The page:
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Escobar gets 4-12 years in DWI death of daughter

Jose Escobar inside courtroom at Riverhead Criminal Court

Jose Escobar inside courtroom at Riverhead Criminal Court where he was sentenced to 4-12 years by Judge John Toomey for the DWI crash that killed his 10-month-old daughter in Brentwood in July of last year. An interpreter stands next to him. (July 23, 2013) Credit: James Carbone

No one spoke for the 10- month-old girl who was killed when her father drove drunk at 100 mph and crashed a year ago, so a Suffolk prosecutor did as the Westbury man was sentenced Tuesday to 4 to 12 years in prison.

Jose Escobar, 30, was sentenced for aggravated vehicular homicide and other charges in the July 2012 crash that ended with his car flying into the back of a 7-Eleven store in Brentwood. The crash killed his daughter, Helen, and seriously injured his pregnant wife, Marie Guillen.

Assistant District Attorney Patricia Brosco spoke scornfully of the couple as she recommended a sentence of 6 to 18 years. About 20 of Escobar's family members -- but not Guillen -- listened. They declined to comment.

"Someone must speak for the child," Brosco told Suffolk County Court Judge John Toomey Jr. "Helen's mother speaks only for the defendant. Her mother did not protect her when she allowed the defendant to drive drunk at speeds of up to 100 mph."

Later, outside court, Brosco said Guillen refused to visit her dying child in the hospital, preferring to tend to Escobar instead. She suggested even though Guillen could not be charged with a crime, she was as much to blame for the crash as her husband, noting that she was sober but refused to drive that day.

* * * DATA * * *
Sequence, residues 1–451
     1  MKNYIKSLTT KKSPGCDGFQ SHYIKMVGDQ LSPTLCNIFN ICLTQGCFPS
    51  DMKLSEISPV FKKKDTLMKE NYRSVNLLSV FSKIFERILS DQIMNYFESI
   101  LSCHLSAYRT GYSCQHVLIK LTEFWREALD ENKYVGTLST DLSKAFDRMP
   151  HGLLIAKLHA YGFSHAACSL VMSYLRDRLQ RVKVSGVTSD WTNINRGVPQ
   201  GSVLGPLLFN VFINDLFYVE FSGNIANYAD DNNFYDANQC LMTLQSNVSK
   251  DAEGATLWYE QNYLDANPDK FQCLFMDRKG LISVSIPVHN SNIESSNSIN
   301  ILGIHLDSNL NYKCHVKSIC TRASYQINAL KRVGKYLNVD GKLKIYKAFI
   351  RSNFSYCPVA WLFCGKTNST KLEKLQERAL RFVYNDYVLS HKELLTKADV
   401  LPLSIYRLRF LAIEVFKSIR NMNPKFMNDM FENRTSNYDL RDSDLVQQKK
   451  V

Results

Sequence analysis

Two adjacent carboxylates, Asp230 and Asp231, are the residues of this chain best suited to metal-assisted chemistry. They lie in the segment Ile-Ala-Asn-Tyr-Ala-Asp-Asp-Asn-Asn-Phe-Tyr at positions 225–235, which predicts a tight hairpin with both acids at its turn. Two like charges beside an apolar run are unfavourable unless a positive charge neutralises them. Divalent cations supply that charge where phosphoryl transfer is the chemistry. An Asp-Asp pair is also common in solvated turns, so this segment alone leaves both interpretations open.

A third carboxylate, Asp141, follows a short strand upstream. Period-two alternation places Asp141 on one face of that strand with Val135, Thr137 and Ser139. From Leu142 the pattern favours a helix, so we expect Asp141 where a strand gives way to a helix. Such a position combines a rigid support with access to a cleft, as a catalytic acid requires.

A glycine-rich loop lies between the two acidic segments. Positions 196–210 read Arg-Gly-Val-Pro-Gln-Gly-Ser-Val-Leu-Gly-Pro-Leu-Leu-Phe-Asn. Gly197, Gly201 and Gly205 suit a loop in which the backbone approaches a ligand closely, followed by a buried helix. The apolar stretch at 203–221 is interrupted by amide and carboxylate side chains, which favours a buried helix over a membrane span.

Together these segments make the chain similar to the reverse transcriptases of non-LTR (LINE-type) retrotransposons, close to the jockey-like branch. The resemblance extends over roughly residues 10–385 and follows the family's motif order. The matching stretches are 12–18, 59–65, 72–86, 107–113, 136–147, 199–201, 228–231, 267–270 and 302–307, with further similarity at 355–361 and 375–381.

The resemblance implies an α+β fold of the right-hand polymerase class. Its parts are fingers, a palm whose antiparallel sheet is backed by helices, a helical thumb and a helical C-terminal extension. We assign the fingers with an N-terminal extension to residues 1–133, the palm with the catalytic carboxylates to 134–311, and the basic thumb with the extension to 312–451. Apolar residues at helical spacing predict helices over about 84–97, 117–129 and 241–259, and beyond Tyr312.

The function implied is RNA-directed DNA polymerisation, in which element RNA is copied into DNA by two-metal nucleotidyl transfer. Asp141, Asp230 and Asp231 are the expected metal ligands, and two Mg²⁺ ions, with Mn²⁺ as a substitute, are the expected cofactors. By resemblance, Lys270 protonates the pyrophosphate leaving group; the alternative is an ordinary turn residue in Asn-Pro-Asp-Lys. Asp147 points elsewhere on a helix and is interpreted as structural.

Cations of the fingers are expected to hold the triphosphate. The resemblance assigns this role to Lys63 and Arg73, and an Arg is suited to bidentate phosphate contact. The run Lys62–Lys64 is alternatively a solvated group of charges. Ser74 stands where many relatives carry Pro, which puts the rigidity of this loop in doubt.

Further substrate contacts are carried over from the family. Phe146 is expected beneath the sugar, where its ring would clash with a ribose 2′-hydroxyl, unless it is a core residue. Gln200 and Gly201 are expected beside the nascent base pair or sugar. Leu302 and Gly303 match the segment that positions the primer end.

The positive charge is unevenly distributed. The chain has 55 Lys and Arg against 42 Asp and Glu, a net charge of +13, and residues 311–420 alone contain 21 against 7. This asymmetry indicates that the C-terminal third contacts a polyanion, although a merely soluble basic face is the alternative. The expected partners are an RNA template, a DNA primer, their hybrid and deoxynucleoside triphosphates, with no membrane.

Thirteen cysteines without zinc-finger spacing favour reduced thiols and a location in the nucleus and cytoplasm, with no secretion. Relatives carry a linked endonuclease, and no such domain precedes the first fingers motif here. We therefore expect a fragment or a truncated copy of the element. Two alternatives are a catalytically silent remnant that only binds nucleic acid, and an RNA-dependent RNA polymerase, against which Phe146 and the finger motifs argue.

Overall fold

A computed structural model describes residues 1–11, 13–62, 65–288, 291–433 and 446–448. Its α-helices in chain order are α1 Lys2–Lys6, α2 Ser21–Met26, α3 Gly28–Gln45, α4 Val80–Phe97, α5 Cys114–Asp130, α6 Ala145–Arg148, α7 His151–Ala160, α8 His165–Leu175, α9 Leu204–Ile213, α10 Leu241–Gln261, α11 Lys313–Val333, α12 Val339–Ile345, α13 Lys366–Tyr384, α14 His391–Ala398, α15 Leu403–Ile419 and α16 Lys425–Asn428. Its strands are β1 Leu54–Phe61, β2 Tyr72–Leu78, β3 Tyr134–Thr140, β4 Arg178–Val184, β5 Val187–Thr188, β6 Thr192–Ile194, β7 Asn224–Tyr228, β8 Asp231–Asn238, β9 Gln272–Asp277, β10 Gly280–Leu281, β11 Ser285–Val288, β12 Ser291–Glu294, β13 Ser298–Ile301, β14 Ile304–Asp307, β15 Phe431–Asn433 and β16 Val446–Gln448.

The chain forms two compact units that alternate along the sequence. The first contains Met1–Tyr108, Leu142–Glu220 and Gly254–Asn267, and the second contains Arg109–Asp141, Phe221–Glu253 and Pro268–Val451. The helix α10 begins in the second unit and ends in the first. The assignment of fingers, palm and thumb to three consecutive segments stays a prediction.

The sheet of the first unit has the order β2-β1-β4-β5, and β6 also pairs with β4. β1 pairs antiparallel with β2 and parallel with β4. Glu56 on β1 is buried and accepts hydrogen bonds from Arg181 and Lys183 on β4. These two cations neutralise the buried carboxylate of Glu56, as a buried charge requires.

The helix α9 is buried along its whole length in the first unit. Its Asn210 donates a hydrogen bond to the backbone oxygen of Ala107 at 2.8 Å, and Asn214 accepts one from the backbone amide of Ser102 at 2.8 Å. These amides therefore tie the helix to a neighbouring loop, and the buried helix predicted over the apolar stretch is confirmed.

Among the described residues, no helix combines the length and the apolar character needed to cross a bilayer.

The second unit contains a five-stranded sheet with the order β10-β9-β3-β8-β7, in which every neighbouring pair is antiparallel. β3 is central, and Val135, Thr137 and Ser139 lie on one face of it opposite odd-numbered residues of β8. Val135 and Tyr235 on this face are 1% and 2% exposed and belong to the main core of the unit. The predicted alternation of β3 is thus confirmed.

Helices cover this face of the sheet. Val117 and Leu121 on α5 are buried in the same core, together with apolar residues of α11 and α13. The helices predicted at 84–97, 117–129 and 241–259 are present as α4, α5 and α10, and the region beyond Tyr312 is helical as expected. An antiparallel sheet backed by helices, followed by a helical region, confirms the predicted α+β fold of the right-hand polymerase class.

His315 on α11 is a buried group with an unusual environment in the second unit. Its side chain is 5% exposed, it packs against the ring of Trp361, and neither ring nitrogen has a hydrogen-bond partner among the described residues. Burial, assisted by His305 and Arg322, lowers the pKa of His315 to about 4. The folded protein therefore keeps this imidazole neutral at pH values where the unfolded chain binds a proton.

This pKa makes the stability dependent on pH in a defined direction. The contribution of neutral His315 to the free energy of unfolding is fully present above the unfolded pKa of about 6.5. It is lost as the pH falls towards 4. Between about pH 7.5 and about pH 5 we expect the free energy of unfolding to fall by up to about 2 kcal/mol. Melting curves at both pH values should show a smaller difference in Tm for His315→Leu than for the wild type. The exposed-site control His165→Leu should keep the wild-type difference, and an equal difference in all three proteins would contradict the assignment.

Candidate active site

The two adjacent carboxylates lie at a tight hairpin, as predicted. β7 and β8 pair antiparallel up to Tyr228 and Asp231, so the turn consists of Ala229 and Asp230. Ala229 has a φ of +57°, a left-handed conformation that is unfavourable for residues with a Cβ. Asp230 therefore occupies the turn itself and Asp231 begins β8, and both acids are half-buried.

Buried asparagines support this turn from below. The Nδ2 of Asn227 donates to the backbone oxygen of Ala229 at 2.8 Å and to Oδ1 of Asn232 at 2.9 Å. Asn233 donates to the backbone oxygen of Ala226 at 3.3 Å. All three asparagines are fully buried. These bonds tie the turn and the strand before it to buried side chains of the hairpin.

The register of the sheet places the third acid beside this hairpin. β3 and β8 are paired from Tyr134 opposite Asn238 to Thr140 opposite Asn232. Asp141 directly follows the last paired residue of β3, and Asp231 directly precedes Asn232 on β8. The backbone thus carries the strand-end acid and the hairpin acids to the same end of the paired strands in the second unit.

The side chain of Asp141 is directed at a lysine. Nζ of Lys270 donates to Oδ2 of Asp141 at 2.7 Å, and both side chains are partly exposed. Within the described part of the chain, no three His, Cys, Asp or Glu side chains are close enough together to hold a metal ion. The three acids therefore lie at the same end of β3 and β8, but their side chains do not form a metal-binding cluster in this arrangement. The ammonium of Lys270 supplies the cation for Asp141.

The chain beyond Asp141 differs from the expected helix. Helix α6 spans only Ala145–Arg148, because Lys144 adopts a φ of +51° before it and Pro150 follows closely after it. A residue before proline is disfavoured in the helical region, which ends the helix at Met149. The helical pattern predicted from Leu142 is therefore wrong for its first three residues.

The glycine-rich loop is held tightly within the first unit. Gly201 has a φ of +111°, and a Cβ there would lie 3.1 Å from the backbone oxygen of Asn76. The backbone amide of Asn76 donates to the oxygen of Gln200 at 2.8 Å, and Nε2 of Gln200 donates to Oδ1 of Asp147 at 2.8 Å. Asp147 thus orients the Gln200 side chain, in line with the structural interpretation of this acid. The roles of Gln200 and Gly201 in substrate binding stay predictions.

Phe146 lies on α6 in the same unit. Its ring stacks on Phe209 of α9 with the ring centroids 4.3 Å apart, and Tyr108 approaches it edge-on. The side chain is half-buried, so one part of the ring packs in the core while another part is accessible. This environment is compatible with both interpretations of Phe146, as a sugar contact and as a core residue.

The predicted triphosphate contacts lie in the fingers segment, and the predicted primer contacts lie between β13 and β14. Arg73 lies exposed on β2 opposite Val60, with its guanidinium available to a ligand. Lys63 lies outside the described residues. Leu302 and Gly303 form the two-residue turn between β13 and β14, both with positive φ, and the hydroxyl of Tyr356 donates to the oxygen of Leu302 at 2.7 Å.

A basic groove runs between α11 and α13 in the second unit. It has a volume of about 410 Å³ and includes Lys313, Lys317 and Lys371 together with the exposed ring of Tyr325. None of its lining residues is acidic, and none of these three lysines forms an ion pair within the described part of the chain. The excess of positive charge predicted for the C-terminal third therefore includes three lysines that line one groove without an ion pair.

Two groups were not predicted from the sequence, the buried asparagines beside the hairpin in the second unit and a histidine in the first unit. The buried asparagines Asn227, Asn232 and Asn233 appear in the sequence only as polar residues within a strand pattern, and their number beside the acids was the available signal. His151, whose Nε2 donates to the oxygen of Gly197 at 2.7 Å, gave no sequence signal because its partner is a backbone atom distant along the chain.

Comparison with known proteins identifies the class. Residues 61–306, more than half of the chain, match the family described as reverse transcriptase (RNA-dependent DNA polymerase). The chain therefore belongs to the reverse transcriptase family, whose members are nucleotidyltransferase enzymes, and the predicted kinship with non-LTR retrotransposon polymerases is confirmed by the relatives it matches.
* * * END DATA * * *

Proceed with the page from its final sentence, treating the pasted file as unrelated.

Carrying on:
"As a mother myself, it's very disturbing," Brosco said.

She said Escobar had a blood-alcohol content of .26 percent, more than three times the legal limit of .08 percent, as he raced south on Route 111, at times on the wrong side of the road. After he was cut out of the driver's seat, Brosco said he claimed his wife was driving.

Helen, who was in a car seat, suffered head injuries and died days later. Guillen had an emergency Caesarean section to deliver her baby, who is now in good health.

"I do recognize I made a mistake," Escobar said. "I also suffer because of this mistake. I lost part of my life. I lost my daughter."

In a flat monotone, he begged his family and friends to forgive him.

Before imposing the sentence, Toomey said the case was "tragic from every perspective." He said the sentence was a "significant period of incarceration."

Escobar's attorney, Phil Solages of Hauppauge, said his client is remorseful.

"My client will have to live with the results of his actions for the rest of his life," Solages said.

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